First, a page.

Peter Misselbrook's Blog
Aug 1 2013 - Romans 15:1-21 – What are the Scriptures for?

There was tension between Jewish and Gentile Christians at Rome and Paul was seeking to get them to show a greater concern for each other. He reminds them that Jesus did not please himself; he lived to please his heavenly Father and lived as a servant of others. Then, having quoted one of the Psalms, which Paul sees as having prophetic application to Christ he says, “Everything that was written in the past was written for our instruction so that through endurance and the encouragement of the Scriptures we might have hope” (Romans 15:4). He then speaks of God himself as the source of such endurance and encouragement, before returning to the theme of hope, of which God also is the source.

Let’s try to unpack a number of the things that the apostle Paul is saying here concerning Scripture. First of all, he echoes Jesus words in John 5:39; all of Scripture finds its focus in the Lord Jesus Christ. He is at the heart of the plans and purposes of God revealed in Scripture. It is his story. But secondly, all Scripture was written for us – for our instruction. We may have our favourite sections or passages of the Bible, but all of it was written for our learning. Since all Scripture speaks of Christ, all Scripture speaks to the Christian. It is all our story.

Thirdly, God himself speaks to us through Scripture; he instructs us through his Word.

And that Word, says Paul, is written for our endurance – so that we might go on following Christ and not give up. It is full of warnings concerning those who complained or gave up when the going got tough, but it is also full of examples of those who carried on living a life of costly faithfulness towards God and of service towards others. In this, Jesus is our supreme example. He did not give up on the work the Father had given him to do, even when facing the horror of crucifixion. “He endured the cross, scorning its shame, and sat down at the right hand of the throne of God. Consider him who endured such opposition from sinners, so that you will not grow weary and lose heart” (Hebrews 12:2-3).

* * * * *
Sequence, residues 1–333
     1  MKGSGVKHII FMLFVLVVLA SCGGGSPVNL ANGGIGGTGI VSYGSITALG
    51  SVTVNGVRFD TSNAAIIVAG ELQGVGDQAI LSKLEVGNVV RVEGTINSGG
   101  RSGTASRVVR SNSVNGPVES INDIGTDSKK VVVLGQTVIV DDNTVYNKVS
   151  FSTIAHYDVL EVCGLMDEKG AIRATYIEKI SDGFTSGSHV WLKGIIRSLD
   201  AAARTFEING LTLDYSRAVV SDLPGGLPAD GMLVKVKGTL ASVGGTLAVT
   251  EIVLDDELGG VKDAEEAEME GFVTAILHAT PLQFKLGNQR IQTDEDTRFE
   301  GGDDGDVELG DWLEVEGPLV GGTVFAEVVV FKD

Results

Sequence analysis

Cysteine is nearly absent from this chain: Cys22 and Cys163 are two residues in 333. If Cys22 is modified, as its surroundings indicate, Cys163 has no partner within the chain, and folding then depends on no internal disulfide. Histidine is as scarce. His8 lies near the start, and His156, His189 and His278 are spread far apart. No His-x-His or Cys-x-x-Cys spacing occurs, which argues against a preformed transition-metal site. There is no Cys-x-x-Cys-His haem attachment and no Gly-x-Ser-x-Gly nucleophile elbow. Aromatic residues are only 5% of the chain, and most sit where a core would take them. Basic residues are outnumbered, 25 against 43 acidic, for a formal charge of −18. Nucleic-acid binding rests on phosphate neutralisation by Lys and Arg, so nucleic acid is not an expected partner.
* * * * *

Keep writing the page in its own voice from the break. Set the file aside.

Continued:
And so Scripture is written also for our encouragement. It’s never a matter of grim endurance but of glad obedience and faithfulness, encouraged by those who have gone before us, by God himself who encourages us by his Word and Spirit and by the Lord Jesus, the author and finisher of our faith.

In this way, Scripture provides us with hope. We have been given insight into the plans and purposes of God and into the great things that he has in store for us in the age to come. We live towards such things and gladly press on in the light that they cast backwards upon us. We live in the light of the resurrection of Jesus that underwrites our hope of glory to come.

Paul encourages the Christians in Rome, Jew and Gentile, to press on together in their understanding of Scripture as their common heritage and in following the Lord Jesus who has joined them together as his chosen people. He encourages them, and us, with the words, “May the God of hope fill you with all joy and peace as you trust in him, so that you may overflow with hope by the power of the Spirit of God.” (15:13)

Father God, we thank you for the Scriptures and particularly for Jesus Christ, the word made flesh. We thank you also for one another. May we encourage one another through your Word and Spirit as together we follow Christ to glory.

Peter Misselbrook